Saturday, March 27, 2010

Earth Hour: Australia Started It in 2007; 121 Countries Including Saudi Participate in 2010


Earth Hour will occur throughout the world on Saturday March 27, 2010 from 8:30pm-9:30pm local time. During this hour all electricity is to be cut throughout the world, except for non-essentials in an effort to raise awareness of, and take a stand against, global climate change. Canadians will be pleased to know that the Hockey Night in Canada (HNIC) Saturday night broadcast of games is considered essential. Saudi Arabia is participating, as both Arab News, "Saudi Arabia to go dark for an hour",  "Turn off your lights: It's Earth Hour", and the Saudi Gazette, "Earth Hour: A symbolic, significant event",  have reported. Khaleej Times Online signals that this is a first:  "Saudi Arabia to Participate in Earth Hour for the First Time" and is to happen in municipalities throughout the KSA. The blog Earth Hour Jeddah details the event there.

From the official Earth Hour site's About page:

Earth Hour started in 2007 in Sydney, Australia when 2.2 million homes and businesses turned their lights off for one hour to make their stand against climate change. Only a year later and Earth Hour had become a global sustainability movement with more than 50 million people across 35 countries participating. Global landmarks such as the, Sydney Harbour Bridge, The CN Tower in Toronto, The Golden Gate Bridge in San Francisco, and Rome’s Colosseum, all stood in darkness, as symbols of hope for a cause that grows more urgent by the hour.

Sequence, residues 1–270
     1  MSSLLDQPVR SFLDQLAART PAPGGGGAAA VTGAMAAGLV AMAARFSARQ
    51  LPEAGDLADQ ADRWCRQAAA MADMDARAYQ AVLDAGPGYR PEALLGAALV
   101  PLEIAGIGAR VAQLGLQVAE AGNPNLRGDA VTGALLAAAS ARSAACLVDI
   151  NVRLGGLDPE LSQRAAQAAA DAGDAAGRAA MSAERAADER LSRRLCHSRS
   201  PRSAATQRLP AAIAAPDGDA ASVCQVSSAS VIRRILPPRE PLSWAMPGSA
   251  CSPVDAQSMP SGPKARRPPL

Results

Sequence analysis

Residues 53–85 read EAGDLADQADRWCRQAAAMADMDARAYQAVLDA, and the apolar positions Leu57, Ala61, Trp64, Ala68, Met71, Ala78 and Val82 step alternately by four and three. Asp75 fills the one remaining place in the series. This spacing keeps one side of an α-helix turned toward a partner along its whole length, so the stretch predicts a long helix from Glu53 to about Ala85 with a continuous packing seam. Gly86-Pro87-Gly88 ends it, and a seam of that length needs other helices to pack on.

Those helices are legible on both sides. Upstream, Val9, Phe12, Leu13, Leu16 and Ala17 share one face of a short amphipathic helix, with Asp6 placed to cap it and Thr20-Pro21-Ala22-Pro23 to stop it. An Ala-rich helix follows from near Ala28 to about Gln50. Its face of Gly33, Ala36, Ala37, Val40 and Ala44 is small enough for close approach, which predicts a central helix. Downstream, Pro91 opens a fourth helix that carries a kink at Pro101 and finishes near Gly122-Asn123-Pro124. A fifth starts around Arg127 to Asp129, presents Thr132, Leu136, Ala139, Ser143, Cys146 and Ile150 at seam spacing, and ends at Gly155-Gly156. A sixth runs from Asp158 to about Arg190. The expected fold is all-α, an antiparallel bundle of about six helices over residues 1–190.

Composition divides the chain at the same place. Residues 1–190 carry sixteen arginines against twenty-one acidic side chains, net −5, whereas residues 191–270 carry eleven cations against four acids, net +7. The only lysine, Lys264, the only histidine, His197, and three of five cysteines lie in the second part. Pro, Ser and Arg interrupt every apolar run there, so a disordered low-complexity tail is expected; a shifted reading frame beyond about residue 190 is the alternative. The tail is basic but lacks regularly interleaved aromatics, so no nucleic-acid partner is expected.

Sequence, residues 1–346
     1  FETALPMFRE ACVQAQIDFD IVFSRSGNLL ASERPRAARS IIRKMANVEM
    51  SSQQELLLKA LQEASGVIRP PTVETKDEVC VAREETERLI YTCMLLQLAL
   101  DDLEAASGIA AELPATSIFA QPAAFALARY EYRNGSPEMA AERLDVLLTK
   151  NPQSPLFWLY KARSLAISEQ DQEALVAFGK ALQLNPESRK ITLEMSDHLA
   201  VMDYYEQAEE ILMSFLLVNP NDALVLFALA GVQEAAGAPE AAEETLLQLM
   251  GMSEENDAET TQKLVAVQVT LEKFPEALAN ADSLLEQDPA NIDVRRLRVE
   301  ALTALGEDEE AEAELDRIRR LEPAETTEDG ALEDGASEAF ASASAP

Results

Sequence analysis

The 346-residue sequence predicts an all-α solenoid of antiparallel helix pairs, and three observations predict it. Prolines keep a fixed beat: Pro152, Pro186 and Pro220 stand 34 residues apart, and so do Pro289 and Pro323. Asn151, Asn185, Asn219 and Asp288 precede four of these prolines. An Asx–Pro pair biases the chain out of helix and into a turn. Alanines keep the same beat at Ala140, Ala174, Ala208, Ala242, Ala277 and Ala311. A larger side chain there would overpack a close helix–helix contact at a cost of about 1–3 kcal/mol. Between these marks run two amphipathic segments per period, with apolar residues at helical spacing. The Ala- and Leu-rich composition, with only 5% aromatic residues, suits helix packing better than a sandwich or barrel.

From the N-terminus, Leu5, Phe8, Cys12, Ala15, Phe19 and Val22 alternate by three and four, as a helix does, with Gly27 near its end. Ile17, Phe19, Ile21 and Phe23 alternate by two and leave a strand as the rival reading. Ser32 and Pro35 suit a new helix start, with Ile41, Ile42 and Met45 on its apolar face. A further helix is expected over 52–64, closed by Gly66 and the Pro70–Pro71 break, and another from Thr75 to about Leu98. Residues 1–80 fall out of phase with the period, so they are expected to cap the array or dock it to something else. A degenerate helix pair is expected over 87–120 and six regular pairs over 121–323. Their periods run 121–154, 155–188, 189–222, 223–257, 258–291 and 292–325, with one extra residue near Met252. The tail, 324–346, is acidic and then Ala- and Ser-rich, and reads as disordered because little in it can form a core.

In March 2009, hundreds of millions of people took part in the third Earth Hour. Over 4000 cities in 88 countries officially switched off to pledge their support for the planet, making Earth Hour 2009 the world’s largest global climate change initiative.
Earth Hour 2010 takes place on Saturday 27 March at 8.30pm (local time) and is a global call to action to every individual, every business and every community throughout the world. It is a call to stand up, to take responsibility, to get involved and lead the way towards a sustainable future. Iconic buildings and landmarks from Europe to Asia to the Americas will stand in darkness. People across the world from all walks of life will turn off their lights and join together in celebration and contemplation of the one thing we all have in common – our planet. So sign up now and let’s make 2010 the biggest Earth Hour yet!.
It’s Showtime! Show the world what can be done.

The official Earth Day 2010 video

The following are the satellite photos of Earth taken by American astronaut Sunita Williams, used in a stunning power point presentation by her called Blue Beauty.

The full presentation as a video

The goal for tonight's Earth Hour is to darken the earth sequentially, so that each of these satellite photos, if taken between 20h30 and 21h30 locally in given parts of the world, would be blackened.